John Chick Running for Legislative Office After Imprisonment for Asbestos Violations

Legislation & Litigation
Reading Time: 2 mins
Publication Date: 06/02/2011
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Franz, F. (2020, October 16). John Chick Running for Legislative Office After Imprisonment for Asbestos Violations. Asbestos.com. Retrieved February 5, 2023, from https://www.asbestos.com/news/2011/06/02/john-chick-running-for-legislative-office-after-imprisonment-for-asbestos-violations/

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Franz, Faith. "John Chick Running for Legislative Office After Imprisonment for Asbestos Violations." Asbestos.com, 16 Oct 2020, https://www.asbestos.com/news/2011/06/02/john-chick-running-for-legislative-office-after-imprisonment-for-asbestos-violations/.

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Franz, Faith. "John Chick Running for Legislative Office After Imprisonment for Asbestos Violations." Asbestos.com. Last modified October 16, 2020. https://www.asbestos.com/news/2011/06/02/john-chick-running-for-legislative-office-after-imprisonment-for-asbestos-violations/.

After serving 13 months in federal prison for his involvement with an illegally conducted asbestos removal project, former carpenter John Chick plans to run for legislative office in Cayuga County, N.Y.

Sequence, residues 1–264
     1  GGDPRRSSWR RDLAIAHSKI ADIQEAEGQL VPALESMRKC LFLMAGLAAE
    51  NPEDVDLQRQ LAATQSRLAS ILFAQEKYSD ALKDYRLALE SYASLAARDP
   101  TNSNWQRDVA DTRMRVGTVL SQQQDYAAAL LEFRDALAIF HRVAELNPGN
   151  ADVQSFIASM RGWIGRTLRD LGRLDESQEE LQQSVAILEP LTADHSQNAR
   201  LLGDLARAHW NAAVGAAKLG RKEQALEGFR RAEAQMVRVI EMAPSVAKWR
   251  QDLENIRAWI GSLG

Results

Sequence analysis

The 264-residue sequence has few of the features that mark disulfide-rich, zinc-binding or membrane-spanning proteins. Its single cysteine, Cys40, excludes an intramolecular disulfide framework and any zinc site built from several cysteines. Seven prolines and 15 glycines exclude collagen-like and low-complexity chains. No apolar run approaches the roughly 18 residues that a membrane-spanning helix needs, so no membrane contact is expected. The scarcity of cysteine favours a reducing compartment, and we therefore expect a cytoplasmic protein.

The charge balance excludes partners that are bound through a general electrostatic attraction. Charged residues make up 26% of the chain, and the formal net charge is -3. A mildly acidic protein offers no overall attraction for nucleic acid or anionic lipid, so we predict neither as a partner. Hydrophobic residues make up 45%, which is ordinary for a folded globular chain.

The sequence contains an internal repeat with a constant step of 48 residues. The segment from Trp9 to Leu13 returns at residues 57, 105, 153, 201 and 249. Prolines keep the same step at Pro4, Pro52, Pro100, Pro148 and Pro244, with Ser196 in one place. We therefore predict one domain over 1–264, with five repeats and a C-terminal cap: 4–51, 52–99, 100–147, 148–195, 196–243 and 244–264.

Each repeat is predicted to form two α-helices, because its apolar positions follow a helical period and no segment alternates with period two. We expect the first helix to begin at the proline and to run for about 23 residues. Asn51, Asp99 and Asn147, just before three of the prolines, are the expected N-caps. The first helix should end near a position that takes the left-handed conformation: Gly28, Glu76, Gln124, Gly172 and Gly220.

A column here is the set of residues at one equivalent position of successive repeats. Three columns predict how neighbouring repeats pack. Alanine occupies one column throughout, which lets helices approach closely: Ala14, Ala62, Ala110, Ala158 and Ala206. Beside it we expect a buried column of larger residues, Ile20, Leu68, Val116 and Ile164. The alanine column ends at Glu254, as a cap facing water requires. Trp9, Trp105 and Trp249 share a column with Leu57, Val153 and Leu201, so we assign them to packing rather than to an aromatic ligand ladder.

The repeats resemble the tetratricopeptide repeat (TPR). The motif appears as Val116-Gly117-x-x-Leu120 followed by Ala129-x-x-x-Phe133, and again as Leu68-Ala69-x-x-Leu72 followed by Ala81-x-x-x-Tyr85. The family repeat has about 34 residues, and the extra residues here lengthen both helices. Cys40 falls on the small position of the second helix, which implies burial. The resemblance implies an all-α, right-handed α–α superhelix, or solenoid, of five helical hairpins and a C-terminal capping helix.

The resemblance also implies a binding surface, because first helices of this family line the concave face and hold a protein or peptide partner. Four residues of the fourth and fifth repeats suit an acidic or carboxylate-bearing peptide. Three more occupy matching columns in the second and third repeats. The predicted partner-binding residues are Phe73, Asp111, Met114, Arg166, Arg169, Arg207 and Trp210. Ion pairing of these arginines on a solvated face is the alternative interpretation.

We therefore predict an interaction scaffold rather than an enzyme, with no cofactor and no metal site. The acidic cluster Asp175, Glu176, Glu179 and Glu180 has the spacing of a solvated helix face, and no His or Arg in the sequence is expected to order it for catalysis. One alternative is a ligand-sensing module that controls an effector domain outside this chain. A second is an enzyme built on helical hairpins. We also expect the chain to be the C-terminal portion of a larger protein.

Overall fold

Chick, who was fired after violating the federal Clean Air Act while supervising the removal of an asbestos-contaminated boiler at the county Board of Elections building, is pursuing Auburn’s District 14 seat in the legislature. Chick says his criminal record has little bearing on his candidacy.

“It shouldn’t,” Chick said when asked if he was worried about his background influencing voters’ opinions. “I did what I was told to do and I am looking forward to the future.”

The ex-contractor launched his campaign on June 1, 2011, promising to draw on his experience as a county employee to bring change to operations such as out-of-county contracting. He had hoped to earn Conservative party chairman Greg Rigby’s official endorsement, but Rigby sided with Mike Didio.

Chick said his role in the asbestos removal incident may have influenced Rigby’s decision.

“It’s part of politics; it happens locally and around the state,” concluded Chick.

When Cayuga County placed Chick on administrative leave in 2006, it cited eight reasons for his termination, including refusing to provide abatement workers with proper safety equipment and lying to the employees about what asbestos was.

Asbestos, a carcinogenic mineral, can lead to the development of severe illnesses such as malignant mesothelioma when inhaled.

About 30 people who were exposed to asbestos during the process filed a class action lawsuit, fearing that such health complications might arise from exposure.

As the result of the incident, Chick was sentenced to pay a $108,000 fine and serve 15 months in prison. His sentence was reduced by two months for good behavior and he was released in June 2009.

Chick works as a self-employed contractor and makes monthly restitution payments to the county.

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